Trump’s Proposal to Privatize Indian Reservations for Oil
As Dakota Celebrates, Trump Advisors Propose Privatizing Oil-Rich Indian Reservations
by Tyler Durden
Dec 5, 2016 3:00 PM
With celebrations continuing at the site of the Dakota Access Pipeline protest (following the “Monumental victory” following the Obama administration’s decision not to grant the construction permit), it appears the Trump administration has very different ideas.
Having confirmed Trump’s support for the pipeline (not to do with his investments), Reuters reports a Trump advisory group proposes the politically explosive idea of putting oil-rich Indian reservation lands into private ownership.
As we noted last night, after months of protests by the Standing Rock Sioux Tribe of North Dakota, among others, the U.S. Army Corps of Engineers today effectively shut down the project by refusing to approve the last remaining permit required to complete a segment running under Lake Oahe. Per Reuters, the permit denial was heavily celebrated by protesters in Cannon Ball, North Dakota but means that Energy Transfer Partners will have to go back to the drawing board to identify a new route for the last segment of the 1,172 mile pipeline that is largely already complete.
Which followed a communications briefing from Trump’s transition team saying that despite media reports that Trump owns a stake in Energy Transfer Partners (ETP.N), the company building the pipeline…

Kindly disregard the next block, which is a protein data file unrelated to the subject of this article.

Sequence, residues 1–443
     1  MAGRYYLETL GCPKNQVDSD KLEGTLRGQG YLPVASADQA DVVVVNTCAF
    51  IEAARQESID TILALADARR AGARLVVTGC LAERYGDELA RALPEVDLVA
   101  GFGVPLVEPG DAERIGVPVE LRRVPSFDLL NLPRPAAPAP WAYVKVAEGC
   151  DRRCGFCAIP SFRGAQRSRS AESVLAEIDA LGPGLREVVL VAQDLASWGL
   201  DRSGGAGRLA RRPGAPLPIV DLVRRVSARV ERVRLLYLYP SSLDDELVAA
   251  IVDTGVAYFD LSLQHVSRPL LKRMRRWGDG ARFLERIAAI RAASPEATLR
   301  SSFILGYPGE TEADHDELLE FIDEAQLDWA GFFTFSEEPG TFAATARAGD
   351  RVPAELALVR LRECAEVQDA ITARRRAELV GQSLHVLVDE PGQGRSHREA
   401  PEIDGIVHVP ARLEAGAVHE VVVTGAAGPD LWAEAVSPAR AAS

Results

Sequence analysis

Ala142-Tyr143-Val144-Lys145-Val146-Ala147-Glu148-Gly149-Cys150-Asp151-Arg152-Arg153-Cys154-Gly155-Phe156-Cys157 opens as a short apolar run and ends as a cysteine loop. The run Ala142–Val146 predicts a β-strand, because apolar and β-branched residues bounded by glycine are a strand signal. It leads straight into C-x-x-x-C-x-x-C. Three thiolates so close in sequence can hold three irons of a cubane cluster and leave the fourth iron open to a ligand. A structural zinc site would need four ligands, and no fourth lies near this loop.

Trump’s support of the pipeline “has nothing to do with his personal investments and everything to do with promoting policies that benefit all Americans.”
“Those making such a claim are only attempting to distract from the fact that President-elect Trump has put forth serious policy proposals he plans to set in motion on Day One,” said the daily briefing note sent to campaign supporters and congressional staff.
As a reminder, Native American reservations cover just 2 percent of the United States, but they may contain about a fifth of the nation’s oil and gas, along with vast coal reserves.
And now, as Reuters reports, a group of advisors to President-elect Donald Trump on Native American issues wants to free those resources from what they call a suffocating federal bureaucracy that holds title to 56 million acres of tribal lands, two chairmen of the coalition told Reuters in exclusive interviews. The group proposes to put those lands into private ownership – a politically explosive idea that could upend more than century of policy designed to preserve Indian tribes on U.S.-owned reservations, which are governed by tribal leaders as sovereign nations.
The tribes have rights to use the land, but they do not own it. They can drill it and reap the profits, but only under regulations that are far more burdensome than those applied to private property.
“We should take tribal land away from public treatment,” said Markwayne Mullin, a Republican U.S. Representative from Oklahoma and a Cherokee tribe member who is co-chairing Trump’s Native American Affairs Coalition. “As long as we can do it without unintended consequences, I think we will have broad support around Indian country.”